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Gordon Lightfoot: One More Stage

Gordon Lightfoot: If You Could Read My Mind, image,
Promotional image from Gordon Lightfoot: If You Could Read My Mind courtesy of Kinosmith.

Gordon Lightfoot: One More Stage

by Jim Slotek

(May 31, 2019 – Toronto, ON) The documentary Gordon Lightfoot: If You Could Read My Mind opens in theatres across Canada throughout June – fittingly in places often ignored in Canadian movie release schedules, like Cobourg, Waterloo, Sudbury and Saskatoon.

I heartily recommend the film if Gordon Lightfoot means anything to you. And judging by the clicks I received on a review I wrote after its debut at the Hot Docs film festival, Lightfoot fans are legion.

But there’s a few minutes devoted to my personal favourite memory of Orillia’s favourite son (all apologies to Stephen Leacock fans). It’s a scene from the Mariposa Folk Festival in 1972 at the Toronto Islands, the highlight of my first visit to Toronto when I was 14.
Gordon Lightfoot: One More Stage, image,
It was an event whose biggest name was supposed to be Bruce Cockburn, and which was suddenly the scene of surprise performances by Joni Mitchell and Neil Young (with a refusal by organizers to allow a visiting Bob Dylan on stage for fear of a riot – which almost happened anyway, just from Bob walking about). As word spread, security became busy on the shores intercepting people who tried to crash the event by canoe or rowboat.

And while Neil Young was onstage for a couple of acoustic renditions of songs from his new album Harvest, Gord pulled out his guitar and gave a pop-up performance on a picnic table for passersby.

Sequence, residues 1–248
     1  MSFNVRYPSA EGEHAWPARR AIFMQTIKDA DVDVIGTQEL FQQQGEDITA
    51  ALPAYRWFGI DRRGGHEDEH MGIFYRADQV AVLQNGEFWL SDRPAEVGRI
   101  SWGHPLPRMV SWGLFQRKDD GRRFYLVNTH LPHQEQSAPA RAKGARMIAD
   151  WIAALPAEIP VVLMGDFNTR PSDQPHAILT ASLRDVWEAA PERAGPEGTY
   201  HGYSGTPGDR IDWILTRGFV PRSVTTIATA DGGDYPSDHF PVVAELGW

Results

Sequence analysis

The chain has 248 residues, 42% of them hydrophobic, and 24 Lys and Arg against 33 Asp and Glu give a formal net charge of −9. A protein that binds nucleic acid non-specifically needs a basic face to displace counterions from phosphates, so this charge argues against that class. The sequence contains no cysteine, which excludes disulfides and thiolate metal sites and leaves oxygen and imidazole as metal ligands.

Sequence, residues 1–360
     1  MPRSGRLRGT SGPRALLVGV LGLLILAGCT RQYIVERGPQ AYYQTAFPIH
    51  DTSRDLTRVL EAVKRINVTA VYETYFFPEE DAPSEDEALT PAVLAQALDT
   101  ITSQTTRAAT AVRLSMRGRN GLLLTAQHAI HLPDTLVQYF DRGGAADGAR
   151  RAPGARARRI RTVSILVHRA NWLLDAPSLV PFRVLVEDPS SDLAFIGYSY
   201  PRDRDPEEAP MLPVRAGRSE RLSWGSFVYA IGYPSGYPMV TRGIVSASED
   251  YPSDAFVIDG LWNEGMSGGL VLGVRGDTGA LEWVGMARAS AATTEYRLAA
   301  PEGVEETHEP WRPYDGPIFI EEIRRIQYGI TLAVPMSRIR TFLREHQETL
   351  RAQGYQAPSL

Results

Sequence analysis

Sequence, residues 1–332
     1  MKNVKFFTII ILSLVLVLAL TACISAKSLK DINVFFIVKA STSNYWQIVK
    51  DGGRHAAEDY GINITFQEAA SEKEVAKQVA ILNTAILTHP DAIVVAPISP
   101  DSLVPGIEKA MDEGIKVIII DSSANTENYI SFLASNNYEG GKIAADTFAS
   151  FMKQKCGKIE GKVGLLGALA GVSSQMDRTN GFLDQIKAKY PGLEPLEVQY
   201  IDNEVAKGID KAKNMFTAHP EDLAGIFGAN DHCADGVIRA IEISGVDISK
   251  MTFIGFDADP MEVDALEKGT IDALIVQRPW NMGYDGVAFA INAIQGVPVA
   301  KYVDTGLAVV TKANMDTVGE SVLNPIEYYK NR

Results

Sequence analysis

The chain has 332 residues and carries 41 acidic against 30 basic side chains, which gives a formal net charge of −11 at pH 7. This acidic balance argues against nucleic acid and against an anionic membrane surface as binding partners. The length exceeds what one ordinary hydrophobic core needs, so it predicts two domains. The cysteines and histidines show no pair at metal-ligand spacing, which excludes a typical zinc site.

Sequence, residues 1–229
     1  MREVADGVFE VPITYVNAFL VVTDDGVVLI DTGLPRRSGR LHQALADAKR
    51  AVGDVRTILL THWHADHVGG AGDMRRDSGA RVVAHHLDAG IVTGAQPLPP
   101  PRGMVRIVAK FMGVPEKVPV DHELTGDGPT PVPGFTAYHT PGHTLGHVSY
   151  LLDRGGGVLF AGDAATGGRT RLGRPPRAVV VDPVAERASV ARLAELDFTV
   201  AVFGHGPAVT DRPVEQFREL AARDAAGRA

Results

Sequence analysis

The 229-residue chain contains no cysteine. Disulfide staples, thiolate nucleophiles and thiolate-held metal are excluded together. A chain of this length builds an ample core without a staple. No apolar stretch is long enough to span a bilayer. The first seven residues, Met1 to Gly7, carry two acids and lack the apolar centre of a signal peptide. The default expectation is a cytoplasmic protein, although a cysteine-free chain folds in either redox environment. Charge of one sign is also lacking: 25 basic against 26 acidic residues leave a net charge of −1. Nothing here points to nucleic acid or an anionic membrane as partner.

Author/musician Dave Bidini wrote an entire partly-fictionalized book, Writing Gordon Lightfoot, about that event (and devoted a page to my own experiences). I was admittedly torn between Young’s amplified performance and Lightfoot’s less-seen one al fresco under a tree. Life should be full of those kinds of choices.

My older brother and sister were both fans of folk music, and so I’d been hearing Lightfoot songs like Ribbon of Darkness, For Loving Me and Early Morning Rain for years.

But within a year after seeing and hearing Lightfoot up close, I was teaching myself a repertoire of songs on guitar and soon playing, in public, stuff I’d learned off the radio: Sundown, The Wreck of the Edmund Fitzgerald (I was living in Thunder Bay, after all, where huge, rugged “lakers” ruled the waterfront) and, yes, If You Could Read My Mind.

By the time I was 18, Thunder Bay Parks & Recreation hired me to teach adult beginner guitar courses, and I was preaching the gospel of Gord to people learning their first chords.

Years would pass. As the doc recounts, Lightfoot – arguably Canada’s biggest international star – would handle fame mostly badly. His drinking became prodigious and probably torpedoed his success as an L.A.-based record label star. He practically fell down at a U.K. concert and unceremoniously told Anne Murray to go away when she showed up backstage at a Canadian show to say hi.

During this period, I’d graduated from Ryerson Journalism to a job as an entertainment writer at the Ottawa Citizen, and was assigned to review a Lightfoot concert at the National Arts Centre. If I said it was a 45-minute set, I’d be generous. And he somehow managed to put all his hits into a medley that got him off the stage even faster. From the seats, this was the fan’s view of the valley in Gordon Lightfoot’s career arc.